Although there has been a major focus on health-promoting probiotic actions of lactobacilli following their introduction as oral supplements, significantly less attention has been paid to the effects of naturally-acquired, gut-colonizing (autochthonous) lactobacilli. Given that immune modulation is dependent on gut colonization, close proximity to the mucosa and host adaptation, naturally-acquired lactobacilli clearly deserve greater attention. Of those species studied, L. casei, L. johnsonii and L. plantarum are strong inducers of IL-12 and/or INF-γ, thereby favouring a Th1 cytokine profile [37, 38]. Conversely, L. reuteri inhibits the induction of IL-12 and TNF-α and also attenuates L. casei-induced IL-12 . A fine balance between Th1-polarising lactobacilli strains and those which counterbalance such responses may be an important factor in maintaining mucosal immune homeostasis and explain the lack of overt Th1 or Th2 responses in outdoor-housed pigs in the current study.
While there was no evidence of Th1/Th2 pathways being affected, we found significant effects of environment on the Type 1 interferon (IFN) signalling pathways. Isolator-reared pigs exhibited increased gene expression levels of the IFNα/β transcription/signalling factors IRF7 and USP18. Type 1 IFN signalling induces the expression of a large number of target genes, which in the current study included MX2, G1P2, ISG20, FAM14A, IFIT2 and IFIT3. Three Type 1 IFN-inducible genes (IFRD1, OAS1 and IFIT2) were increased in indoor-housed animals compared to outdoor-housed animals, indicating that the IFNα/β pathway is directly affected by the housing environment. A number of recent studies further support our data describing the influence of the gut microbiota on the Type 1 IFN pathway. For example, conventionalized pigs exhibited increased expression of IRF7, STAT1 and STAT2 when compared with their germ-free counterparts . Conversely, bacterial colonization of germ-free mice led to a decreased expression of the IFN-related genes IRF7, ISGF3G, IFIT1 and STAT1. Our study further qualifies these findings by establishing that specific microbial composition, rather than the microbiota as such, influences Type 1 IFN signalling during early colonization and development.
Type 1 IFNs have many biological properties, including innate, cellular and humoral adaptive immune responses . Much evidence has focussed on their central role in pathogen resistance, especially viral immunity through recognition of dsRNA. The significance of Type 1 IFNs in response to bacterial colonization and infection is receiving increasingly more attention [42, 43]. IFN expression is induced in numerous cell lineages, including macrophages and plasmacytoid dendritic cells, by bacterial components such as LPS and CpG DNA [44–46]. It is worth noting that the transcriptome analysis was performed on whole ileal tissue samples, rather than on a specific cell subset. In this study we elected to study interactions and contributions of all cell lineages present in the gut to comprehensively characterize the transcriptomic changes induced by different microbiota compositions. However, the contribution of individual lineages such as plasmacytoid dendritic cells (DCs), which naturally produce Type 1 IFN, will be addressed in subsequent studies.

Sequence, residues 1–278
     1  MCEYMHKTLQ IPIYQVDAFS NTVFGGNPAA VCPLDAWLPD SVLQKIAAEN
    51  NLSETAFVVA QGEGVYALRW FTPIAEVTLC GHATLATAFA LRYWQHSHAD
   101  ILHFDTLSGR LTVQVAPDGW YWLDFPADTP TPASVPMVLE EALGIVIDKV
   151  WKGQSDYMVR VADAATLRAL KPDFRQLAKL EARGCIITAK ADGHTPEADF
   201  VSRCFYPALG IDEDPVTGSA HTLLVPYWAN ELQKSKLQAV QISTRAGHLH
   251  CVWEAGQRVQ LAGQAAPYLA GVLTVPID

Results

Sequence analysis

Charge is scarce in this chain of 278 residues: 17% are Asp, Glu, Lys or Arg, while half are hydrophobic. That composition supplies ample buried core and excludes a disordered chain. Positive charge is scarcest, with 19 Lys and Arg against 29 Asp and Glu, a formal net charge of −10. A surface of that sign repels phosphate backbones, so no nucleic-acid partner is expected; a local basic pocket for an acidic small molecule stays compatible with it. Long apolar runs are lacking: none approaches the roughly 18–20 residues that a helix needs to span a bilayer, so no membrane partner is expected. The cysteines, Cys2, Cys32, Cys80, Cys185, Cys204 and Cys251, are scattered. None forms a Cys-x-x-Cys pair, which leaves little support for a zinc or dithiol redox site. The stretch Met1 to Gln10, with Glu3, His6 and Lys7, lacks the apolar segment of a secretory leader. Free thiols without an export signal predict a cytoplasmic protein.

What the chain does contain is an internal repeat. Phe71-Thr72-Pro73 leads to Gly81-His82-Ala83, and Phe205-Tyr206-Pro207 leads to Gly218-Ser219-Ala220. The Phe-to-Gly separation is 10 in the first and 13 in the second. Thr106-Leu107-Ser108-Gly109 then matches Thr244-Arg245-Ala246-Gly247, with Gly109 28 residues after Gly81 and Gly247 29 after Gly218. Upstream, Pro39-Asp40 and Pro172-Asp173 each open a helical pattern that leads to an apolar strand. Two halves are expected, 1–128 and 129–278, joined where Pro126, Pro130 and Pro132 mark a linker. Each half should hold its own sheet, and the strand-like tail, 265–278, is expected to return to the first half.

IFN-α/β has profound effects on immune cell development  by regulating the differentiation of B and T cells, myeloid DCs and natural killer cells. Activation of immature DCs by IFN-α/β upregulates major histocompatibility complex (MHC) class I. Consistent with this, we found that antigen presentation by MHC class I was also affected by the microbiota and was upregulated in indoor reared animals which also displayed increased Type 1 IFN levels. MHC class I molecules are Type 1 IFN-inducible genes whose promoter regions contain typical IFN-stimulated response elements (ISREs). MHC class I molecules are specialized for presentation of endogenously synthesized proteins, including self-proteins, to the TCR of CD8+ T-cells . The cross-presentation of antigens on MHC class I molecules, the induction of CTL responses and the subsequent memory CD8+ T cell survival are also dependent on IFN-α/β.
Increased expression of MHC class I in the indoor environment was accompanied by the upregulation of a plethora of chemokines, including CCL2, CCL8, CCL28, CCR1, CXCR4 and CXCL12. Chemokines are chemotactic cytokines that function during immune responses to recruit effector cells to sites of inflammation and infection. They are involved in the pathophysiology of many diseases. Numerous chemokines have been implicated in the pathology and perpetuation of tissue destructive inflammatory processes in patients with IBD, including CCL2  and CCL8 . Increased expression of these chemokines in the indoor-housed animals indicates the presence of an immune-activated gut microenvironment. This contrasts with the lack of innate and pro-inflammatory gene expression in the outdoor-housed animals, which may be indicative of a more immune-tolerant and homeostatic mucosal immune system in these animals. Further studies are required to assess the impact of the microbiota, immune gene transcription and immune cell lineages on specific tolerance towards food and environmental antigens and long-term predisposition to infection, food intolerance and allergy.